Reducing exposure in use of force litigation.The author recently testified as an expert witness in a jury trial involving use of force in a jail. The jury returned a verdict for $170,000 against the jail staff involved. That amount included $50,000 in punitive damages against the sergeant who was present during the incident, $25,000 in punitive damages against each of the four deputies involved in the incident, and $20,000 in compensatory damages. Interestingly, jurors indicated after the trial that the compensatory damages were not awarded because of medical injuries the plaintiff had suffered but, according to various jurors, because "They chained him to a grate like a dog; he's human," because of the plaintiff's emotional trauma and because their decision was "constitutional." In the aftermath of the verdict, the author reflected on how unnecessary the entire situation had been and how frequent use of force litigation is in prisons and jails.
It began routinely enough. The plaintiff had a car accident, failed a breathalyzer and was booked into a large county jail on a variety of charges. After a verbal confrontation in the booking area and concern on the part of a deputy that the plaintiff might become assaultive, a sergeant and several deputies escorted the plaintiff without incident or resistance to a padded safety cell adjacent to the booking area. The plaintiff was told not to yell or to hit or kick the cell door. The plaintiff was bleeding from a broken nose suffered before he reached the jail, and the evidence suggested that the jail may not have sought the required medical clearance from a hospital prior to admitting the injured plaintiff to the jail.
Jail policy required medical screening upon placement in a safety cell, but the records indicated that did not occur. After two hours of sitting or standing quietly in the safety cell, the plaintiff was increasingly upset with the lack of medical treatment and by the amount of blood he was swallowing from the broken nose. He went to the cell door and yelled and began to kick or hit the cell door to draw attention. A deputy admonished him that he had been warned not to do that, and then a sergeant and several deputies entered the safety cell, took the plaintiff to the ground, applied handcuffs and leg irons in a hog-tied position, and chained the plaintiff on the floor by his restraints to a metal grate in the center of the dry safety cell. That grate serves as the drain when the cell is washed down but it also serves as the toilet for prisoners who need to urinate, defecate or vomit. Testimony suggested that the cell and the grate were not cleaned when there was a change of occupancy.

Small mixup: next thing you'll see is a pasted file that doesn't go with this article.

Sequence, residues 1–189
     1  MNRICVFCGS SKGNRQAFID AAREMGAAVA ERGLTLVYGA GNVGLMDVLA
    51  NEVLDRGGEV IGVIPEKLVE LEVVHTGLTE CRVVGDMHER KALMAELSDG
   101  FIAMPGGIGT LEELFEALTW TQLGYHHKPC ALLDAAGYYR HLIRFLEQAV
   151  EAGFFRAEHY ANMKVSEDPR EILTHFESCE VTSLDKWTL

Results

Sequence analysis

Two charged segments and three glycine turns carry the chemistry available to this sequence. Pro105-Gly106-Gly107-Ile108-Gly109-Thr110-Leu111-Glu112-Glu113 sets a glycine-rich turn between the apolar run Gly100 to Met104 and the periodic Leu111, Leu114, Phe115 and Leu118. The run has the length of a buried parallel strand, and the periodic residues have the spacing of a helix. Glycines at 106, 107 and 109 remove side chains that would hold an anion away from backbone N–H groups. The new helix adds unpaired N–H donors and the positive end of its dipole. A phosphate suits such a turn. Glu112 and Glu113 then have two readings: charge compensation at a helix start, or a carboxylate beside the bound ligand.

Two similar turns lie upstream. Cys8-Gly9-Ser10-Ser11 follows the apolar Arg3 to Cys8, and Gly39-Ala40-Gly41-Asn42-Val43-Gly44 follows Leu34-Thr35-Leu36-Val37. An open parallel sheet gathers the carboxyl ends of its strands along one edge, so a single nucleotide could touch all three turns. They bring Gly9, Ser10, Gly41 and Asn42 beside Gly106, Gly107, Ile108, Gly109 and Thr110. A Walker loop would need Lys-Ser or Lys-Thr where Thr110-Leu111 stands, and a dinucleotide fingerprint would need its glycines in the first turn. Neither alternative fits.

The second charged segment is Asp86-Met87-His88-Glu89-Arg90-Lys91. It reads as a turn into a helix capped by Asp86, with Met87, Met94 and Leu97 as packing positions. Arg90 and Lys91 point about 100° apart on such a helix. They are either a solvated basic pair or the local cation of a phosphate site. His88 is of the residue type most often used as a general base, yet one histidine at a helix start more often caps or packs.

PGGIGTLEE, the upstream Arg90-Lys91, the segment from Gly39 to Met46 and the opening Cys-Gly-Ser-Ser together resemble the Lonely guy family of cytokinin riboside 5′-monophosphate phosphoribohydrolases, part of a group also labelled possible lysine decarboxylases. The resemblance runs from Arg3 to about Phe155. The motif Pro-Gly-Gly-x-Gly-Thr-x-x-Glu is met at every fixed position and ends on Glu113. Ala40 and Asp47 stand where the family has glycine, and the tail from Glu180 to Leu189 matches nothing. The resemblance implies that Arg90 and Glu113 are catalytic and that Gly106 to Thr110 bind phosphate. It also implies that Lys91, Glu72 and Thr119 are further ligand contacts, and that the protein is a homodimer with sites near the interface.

The plaintiff alleged that he was beaten when the deputies and sergeant entered the cell to put him in restraints and that one of the deputies used a "bar arm" hold to choke him out. A day later, when the plaintiff was released from jail, he needed surgery to repair a crushed larynx. The county denied using excessive force, but none of the five staff members had any memory of going into the cell, placing the plaintiff in restraints, or "grating" him, including the deputy who had had the initial verbal confrontation with the plaintiff and had a detailed memory of that initial interaction. Further, there was no report of any kind on the use of force within the safety cell.
The county had a number of other problems with this case. The jail had camcorders for "planned" uses of force, such as cell extractions, but no camcorder was used for this situation. The safety cell had a built-in video surveillance camera but the videotape from that camera was lost, recycled or destroyed.
The center of the county's defense was that an inmate who was hitting or kicking the cell door might injure himself and that staff were obligated to restrain the person because he had demonstrated he was a danger to himself. However, staff were unable to explain how "grating" an individual would prevent the person from intentionally or unintentionally injuring himself by hitting, kicking or banging his head on the steel grate.
There were one or more Prostraint chairs available in the jail. Those are, of course, specifically designed to restrain someone in a manner that will prevent self-injury. The jail had policy and procedure on the Prostraint chair, and the deputies involved had received training on its use. On the other hand, there was no policy, procedure or training on "grating" a prisoner. It was easy to conclude that the jail staff "grated" the plaintiff rather than using the Prostraint chair because grating was seen as punishment whereas the Prostraint chair was not. It seemed that the jury had no trouble finding that the sergeant and the deputies had impermissibly engaged in corporal punishment.
After the verdict, the sheriff said that the practice of "grating" inmates had been discontinued more than a year before the trial. He said that once an inmate was in a padded safety cell, "nothing they can do can harm themselves," the exact argument the plaintiff's attorneys used at trial.